I decided to see whether desensitization to tickling would help me enjoy touch more. My first thought was to ask a romantic partner to help me with this by tickling me for very short controlled intervals, checking in each time. But then I realized there was something I could do immediately: try to tickle myself.
I went into the bathroom and made tickle motions at myself in the mirror, and I found myself laughing. Then I lay down and tickled myself physically.
But something about this seemed off. I thought I’d overcome some of my ticklishness. Other people had touched me in similar ways and I hadn’t had a tickle response. How could I be so ticklish that I could tickle myself? I paid attention to my subjective experience and noticed a kind of lightness, some sort of lack of pressure, that I don’t generally feel when touched by other people. What was this?
Immediately, my mind generated an hypothesis: because I found my intense tickle response so intolerable because of the loss of bodily autonomy it represented, and because it seemed rude to express any kind of lack of trust or dislike of touch, I didn’t give myself time to become desensitized to it. Instead, I learned to suppress any reaction at all when other people touched me, giving my body instructions something like, “don’t react, don’t pay it any attention, just stay still, it will be over soon.” With a habit like that, it’s not really surprising that I have a hard time enjoying touch!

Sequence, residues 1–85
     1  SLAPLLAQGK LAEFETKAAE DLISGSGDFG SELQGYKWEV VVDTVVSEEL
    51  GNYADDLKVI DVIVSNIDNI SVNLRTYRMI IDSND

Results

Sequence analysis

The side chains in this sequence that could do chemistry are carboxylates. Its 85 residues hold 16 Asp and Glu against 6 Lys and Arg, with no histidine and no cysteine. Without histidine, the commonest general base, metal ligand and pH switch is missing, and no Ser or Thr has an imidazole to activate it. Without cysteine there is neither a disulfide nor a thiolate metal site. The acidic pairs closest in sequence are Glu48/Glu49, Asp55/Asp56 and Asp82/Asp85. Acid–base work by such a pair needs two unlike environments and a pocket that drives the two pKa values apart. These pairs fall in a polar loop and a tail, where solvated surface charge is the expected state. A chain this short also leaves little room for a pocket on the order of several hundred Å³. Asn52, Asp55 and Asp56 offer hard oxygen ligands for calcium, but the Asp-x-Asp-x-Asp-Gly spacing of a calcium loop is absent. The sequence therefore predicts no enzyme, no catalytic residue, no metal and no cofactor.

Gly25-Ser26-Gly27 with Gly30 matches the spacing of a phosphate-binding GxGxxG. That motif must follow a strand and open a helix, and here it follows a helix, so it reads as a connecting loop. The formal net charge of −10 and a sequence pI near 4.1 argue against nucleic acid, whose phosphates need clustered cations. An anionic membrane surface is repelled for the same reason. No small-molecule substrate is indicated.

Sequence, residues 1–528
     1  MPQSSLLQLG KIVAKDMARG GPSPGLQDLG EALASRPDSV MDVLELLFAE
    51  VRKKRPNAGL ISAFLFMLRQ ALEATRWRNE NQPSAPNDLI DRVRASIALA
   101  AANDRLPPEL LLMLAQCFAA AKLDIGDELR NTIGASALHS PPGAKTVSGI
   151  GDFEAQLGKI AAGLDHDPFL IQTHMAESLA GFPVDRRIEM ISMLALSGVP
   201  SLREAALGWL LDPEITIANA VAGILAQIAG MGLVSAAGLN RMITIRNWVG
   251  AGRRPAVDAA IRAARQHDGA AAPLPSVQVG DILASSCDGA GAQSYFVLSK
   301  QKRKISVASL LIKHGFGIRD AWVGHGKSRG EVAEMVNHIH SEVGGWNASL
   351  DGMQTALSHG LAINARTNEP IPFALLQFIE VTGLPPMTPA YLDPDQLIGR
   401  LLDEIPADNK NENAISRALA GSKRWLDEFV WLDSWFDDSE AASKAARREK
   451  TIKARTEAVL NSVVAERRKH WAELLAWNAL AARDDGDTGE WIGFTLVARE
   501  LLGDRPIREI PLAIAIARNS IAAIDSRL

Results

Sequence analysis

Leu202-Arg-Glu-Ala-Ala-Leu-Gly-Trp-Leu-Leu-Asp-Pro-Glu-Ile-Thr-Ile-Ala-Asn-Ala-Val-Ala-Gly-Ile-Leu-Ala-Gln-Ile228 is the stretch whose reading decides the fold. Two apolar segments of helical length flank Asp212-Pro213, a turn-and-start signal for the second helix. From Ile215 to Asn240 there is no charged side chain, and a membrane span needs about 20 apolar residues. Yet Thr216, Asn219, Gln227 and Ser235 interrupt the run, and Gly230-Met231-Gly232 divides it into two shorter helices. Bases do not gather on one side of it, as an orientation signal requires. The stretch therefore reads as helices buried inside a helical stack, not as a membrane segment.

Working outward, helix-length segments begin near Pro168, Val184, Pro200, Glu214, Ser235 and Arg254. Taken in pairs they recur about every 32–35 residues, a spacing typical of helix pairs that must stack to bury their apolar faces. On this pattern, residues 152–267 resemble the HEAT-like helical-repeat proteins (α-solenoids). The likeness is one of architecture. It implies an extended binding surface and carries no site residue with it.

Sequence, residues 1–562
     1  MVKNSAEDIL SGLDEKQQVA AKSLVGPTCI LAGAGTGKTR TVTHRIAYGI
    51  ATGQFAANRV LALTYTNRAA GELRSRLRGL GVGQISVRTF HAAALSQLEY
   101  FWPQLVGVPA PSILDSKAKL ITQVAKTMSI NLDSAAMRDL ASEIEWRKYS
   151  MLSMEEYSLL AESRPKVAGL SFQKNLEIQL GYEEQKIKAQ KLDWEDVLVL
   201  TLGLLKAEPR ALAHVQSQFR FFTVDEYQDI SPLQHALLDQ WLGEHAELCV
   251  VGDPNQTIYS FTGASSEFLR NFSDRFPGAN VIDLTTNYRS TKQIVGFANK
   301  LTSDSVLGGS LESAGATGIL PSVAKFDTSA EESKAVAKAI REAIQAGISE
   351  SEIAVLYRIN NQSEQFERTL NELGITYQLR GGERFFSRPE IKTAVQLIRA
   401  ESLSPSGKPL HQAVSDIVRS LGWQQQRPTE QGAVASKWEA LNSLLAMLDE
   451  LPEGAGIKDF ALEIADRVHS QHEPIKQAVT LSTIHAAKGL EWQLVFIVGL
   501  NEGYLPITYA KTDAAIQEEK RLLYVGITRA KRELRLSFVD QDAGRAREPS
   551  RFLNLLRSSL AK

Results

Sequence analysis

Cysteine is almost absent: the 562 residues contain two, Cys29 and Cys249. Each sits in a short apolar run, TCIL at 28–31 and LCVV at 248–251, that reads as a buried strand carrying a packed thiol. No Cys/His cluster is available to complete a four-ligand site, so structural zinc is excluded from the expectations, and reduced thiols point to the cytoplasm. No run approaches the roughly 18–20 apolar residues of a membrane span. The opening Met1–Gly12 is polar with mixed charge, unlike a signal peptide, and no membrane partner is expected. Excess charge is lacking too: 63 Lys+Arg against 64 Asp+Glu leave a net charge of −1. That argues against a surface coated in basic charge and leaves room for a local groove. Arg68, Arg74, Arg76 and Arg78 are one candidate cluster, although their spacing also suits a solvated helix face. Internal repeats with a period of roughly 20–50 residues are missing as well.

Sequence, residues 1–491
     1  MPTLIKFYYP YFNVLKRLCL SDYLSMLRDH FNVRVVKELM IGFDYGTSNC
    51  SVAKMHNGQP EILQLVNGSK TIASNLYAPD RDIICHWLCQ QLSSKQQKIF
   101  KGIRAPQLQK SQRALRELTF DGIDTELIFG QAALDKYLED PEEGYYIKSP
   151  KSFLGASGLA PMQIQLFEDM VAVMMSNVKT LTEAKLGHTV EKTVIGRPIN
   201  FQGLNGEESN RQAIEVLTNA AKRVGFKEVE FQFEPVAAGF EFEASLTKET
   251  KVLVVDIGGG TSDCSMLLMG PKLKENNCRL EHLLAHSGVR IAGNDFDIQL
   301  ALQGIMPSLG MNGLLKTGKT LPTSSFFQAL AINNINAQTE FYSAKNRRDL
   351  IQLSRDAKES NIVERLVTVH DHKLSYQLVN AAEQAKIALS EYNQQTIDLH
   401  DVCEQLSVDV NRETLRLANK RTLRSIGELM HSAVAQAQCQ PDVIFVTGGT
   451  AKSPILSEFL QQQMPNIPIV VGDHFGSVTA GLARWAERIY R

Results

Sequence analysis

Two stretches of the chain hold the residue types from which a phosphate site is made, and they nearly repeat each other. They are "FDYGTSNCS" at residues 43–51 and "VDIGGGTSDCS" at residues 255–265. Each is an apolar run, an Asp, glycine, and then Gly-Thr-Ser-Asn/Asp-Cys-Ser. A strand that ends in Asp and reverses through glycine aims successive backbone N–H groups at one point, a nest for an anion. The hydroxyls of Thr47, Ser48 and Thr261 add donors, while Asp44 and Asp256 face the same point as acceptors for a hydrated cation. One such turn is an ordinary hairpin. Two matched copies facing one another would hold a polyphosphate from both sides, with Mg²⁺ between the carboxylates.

At this point I decided that it was more important than I’d thought to learn to tolerate being tickled. It wasn’t just a distraction - if this hypothesis was right, it was destroying my ability to be fully present for most affectionate touch. I responded to this in a few ways. First, I talked about this with romantic partners, let them know I had an aversion to responding to touch and was looking to overcome this, and asked for help with it. Second, I declared to myself my own intent to respond more to things, more spontaneously, in a less controlled way. Not just touch, but other things - I’m more willing to suddenly laugh if I have an insight or funny thought, for example. And when I do so, I feel like I’m making progress - which encourages my mind to do so again.